# Basic qm derivation

1. Feb 6, 2005

### broegger

Suppose that $$\psi (x)$$ is some solution to the time-independent Schrödinger equation;

$$-\frac{h^2}{2m}\frac{\partial^2\psi(x)}{\partial x} + V(x)\psi(x) = E\psi(x)$$.​

I want to show that if the potential V(x) is an even function, then $$\psi(-x)$$ is also a solution to same equation (same E and V).

I know I'm supposed to combine the facts that $$\psi(x)$$ is a solution and that V(x) = V(-x), but I can't see how. I've noted that

$$\frac{\partial^2\psi(-x)}{\partial x} = \frac{\partial^2\psi(x)}{\partial x}$$,​

but that's pretty much it

2. Feb 6, 2005

### dextercioby

Your last formula contains 2 typo's.You may wanna repair it,because it's pretty important to the proof itself...

Daniel.

3. Feb 6, 2005

### mikeu

Try simply making the substitution $$x\to-x$$ in the SWE, then using the fact that $$V(-x)=V(x)$$. The new form should then show directly that $$\psi(-x)$$ is a solution as well, since it satisfies the wave equation.

4. Feb 6, 2005

### dextercioby

Yes,the way it's written and the condition imposed upon the potential energy,then the total Hamiltonian is parity invariant and of course the parity operator and the Hamiltonian commute,ergo they admit a complete set of eigenvectors...End proof...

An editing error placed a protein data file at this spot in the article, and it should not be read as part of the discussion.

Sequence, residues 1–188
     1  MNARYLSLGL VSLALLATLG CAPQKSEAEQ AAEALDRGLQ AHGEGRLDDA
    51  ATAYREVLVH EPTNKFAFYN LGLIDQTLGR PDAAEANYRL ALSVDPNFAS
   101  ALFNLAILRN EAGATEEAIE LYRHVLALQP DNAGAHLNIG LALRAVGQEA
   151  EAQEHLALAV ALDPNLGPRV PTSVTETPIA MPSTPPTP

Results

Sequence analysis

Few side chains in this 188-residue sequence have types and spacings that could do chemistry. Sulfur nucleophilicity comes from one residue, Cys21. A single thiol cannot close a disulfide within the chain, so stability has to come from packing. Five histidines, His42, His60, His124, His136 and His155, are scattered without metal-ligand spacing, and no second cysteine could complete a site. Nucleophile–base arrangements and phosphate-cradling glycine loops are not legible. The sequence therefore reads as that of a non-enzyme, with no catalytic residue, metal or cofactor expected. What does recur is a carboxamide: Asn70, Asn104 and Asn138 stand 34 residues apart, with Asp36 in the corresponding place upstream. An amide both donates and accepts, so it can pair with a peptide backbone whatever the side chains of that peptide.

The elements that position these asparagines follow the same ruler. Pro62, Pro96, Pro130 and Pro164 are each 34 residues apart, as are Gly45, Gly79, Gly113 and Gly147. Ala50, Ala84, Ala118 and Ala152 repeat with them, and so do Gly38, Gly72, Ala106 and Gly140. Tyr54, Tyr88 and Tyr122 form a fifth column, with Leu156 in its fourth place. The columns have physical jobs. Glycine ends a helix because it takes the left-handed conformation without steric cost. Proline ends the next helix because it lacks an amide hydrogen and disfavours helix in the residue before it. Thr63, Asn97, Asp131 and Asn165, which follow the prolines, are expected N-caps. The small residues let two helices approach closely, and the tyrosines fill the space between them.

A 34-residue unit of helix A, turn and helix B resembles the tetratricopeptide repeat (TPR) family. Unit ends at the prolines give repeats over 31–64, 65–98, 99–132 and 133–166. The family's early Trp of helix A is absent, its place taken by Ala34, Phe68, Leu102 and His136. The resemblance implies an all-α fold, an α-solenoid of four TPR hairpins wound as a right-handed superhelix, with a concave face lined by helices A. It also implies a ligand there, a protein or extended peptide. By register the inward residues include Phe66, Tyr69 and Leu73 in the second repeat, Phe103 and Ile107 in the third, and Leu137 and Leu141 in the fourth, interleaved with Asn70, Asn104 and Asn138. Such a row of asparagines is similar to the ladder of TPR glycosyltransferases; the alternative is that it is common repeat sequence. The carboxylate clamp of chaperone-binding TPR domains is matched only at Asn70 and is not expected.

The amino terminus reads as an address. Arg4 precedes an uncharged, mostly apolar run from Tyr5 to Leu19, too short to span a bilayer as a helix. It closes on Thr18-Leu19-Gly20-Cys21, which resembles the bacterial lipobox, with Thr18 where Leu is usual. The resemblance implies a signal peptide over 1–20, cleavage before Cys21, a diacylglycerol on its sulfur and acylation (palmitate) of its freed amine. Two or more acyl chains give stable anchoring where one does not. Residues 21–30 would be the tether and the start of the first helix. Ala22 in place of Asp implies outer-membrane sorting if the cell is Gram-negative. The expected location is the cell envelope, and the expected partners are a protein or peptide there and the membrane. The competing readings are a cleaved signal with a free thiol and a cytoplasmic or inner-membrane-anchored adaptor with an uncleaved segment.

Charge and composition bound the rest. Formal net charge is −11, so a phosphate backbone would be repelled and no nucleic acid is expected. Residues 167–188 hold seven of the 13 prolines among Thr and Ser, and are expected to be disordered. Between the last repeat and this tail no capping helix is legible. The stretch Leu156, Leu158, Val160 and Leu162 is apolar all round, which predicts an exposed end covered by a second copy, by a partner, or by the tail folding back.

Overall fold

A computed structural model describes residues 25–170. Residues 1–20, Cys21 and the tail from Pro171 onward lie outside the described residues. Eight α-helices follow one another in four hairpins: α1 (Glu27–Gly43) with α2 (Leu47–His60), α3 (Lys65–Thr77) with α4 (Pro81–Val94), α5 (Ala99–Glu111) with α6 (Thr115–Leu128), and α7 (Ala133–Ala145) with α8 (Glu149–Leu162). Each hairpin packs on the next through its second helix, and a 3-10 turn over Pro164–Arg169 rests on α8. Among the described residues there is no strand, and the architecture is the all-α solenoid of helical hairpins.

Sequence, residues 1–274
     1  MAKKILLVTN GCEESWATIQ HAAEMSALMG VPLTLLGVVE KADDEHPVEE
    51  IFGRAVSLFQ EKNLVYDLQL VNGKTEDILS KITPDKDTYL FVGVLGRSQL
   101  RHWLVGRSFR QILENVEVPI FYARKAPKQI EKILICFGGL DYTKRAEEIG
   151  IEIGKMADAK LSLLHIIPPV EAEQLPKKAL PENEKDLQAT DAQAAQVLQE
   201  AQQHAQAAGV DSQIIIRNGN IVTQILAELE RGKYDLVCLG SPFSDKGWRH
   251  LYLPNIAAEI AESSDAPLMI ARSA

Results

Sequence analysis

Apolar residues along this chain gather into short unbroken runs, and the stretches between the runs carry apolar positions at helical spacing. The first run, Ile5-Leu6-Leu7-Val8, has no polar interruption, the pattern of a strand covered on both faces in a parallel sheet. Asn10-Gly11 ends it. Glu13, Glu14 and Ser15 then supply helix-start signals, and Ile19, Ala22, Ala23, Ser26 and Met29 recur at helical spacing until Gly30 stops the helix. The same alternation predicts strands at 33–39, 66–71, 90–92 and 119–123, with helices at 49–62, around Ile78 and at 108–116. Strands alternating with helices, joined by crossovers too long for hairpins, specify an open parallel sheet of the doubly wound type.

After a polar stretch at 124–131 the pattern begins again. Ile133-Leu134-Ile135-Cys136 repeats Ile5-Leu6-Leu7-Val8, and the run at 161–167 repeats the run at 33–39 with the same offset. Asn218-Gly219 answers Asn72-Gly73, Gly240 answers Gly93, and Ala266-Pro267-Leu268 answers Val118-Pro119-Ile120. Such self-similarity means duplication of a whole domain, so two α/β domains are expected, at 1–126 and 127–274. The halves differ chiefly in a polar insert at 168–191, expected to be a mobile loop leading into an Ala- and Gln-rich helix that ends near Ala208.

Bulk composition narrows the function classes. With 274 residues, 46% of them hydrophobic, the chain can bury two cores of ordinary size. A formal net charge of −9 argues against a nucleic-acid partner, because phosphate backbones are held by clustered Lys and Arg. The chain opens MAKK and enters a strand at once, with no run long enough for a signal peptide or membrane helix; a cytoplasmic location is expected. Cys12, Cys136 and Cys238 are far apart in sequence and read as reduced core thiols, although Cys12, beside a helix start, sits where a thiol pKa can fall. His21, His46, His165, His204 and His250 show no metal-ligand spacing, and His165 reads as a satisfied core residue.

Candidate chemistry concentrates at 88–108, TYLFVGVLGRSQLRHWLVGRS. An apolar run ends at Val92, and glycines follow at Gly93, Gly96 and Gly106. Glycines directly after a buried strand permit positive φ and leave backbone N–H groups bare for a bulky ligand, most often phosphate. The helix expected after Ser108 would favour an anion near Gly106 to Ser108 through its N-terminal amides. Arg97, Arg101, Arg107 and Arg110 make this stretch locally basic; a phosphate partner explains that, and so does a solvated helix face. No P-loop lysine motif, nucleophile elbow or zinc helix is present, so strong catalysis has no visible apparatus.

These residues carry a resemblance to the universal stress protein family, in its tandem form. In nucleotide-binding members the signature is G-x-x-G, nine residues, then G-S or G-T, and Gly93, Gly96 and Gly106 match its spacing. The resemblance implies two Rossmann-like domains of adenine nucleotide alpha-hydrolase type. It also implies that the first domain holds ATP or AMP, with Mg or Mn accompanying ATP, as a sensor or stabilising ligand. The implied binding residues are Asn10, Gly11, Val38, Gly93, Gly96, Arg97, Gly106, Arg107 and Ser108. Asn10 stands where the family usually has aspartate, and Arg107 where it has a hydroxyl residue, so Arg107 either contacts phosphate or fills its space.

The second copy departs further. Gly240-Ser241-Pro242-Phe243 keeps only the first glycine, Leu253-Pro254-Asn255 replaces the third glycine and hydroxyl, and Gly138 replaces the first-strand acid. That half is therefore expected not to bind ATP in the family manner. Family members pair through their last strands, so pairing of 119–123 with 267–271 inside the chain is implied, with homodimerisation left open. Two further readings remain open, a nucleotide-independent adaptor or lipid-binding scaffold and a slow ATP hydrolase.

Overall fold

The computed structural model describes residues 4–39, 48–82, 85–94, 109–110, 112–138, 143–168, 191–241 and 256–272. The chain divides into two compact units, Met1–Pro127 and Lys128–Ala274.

Daniel.

5. Feb 6, 2005

### Galileo

The proof also needs to show that the energies are nondegenerate.

6. Feb 6, 2005

### dextercioby

What???Please,explain...I may be tired and i may not see it...

Daniel.

7. Feb 6, 2005

### Galileo

Nevermind. I didn't read the actual question. I thought it said 'every solution to the SE is either even or odd'.

8. Feb 6, 2005

### broegger

I've tried the substitution-thing - that was my first approach, I couldn't make it work. I'm too tired now, maybe I'll work it out tomorrow - thanks for your replies.

9. Feb 6, 2005

### dextercioby

Weird,the way i see it,it's immediate... Anyway,i see that u didn't noticed.
$$\frac{\partial^{2} \psi}{\partial x}$$

is not correct.An essential "2" is missing...

Daniel.

10. Feb 6, 2005

### broegger

Oh, yea, of course. My problem is that I don't know exactly what to end up with actually. Should I prove this:

$$\frac{\partial^2\psi(-x)}{\partial x^2} + V(x)\psi(-x) = E\psi(-x)$$​

or this:

$$\frac{\partial^2\psi(-x)}{\partial x^2} + V(-x)\psi(-x) = E\psi(-x)$$​

The essential difference being the minus in the potential function. Maybe it's because I'm tired (I am!), but I can't quite figure out?

11. Feb 6, 2005

### dextercioby

They're equal,because the potential is parity invarint,viz.
$$V(x)=V(-x)$$

Daniel.

12. Feb 6, 2005

### broegger

Oh, yea, I'm going to lie down now

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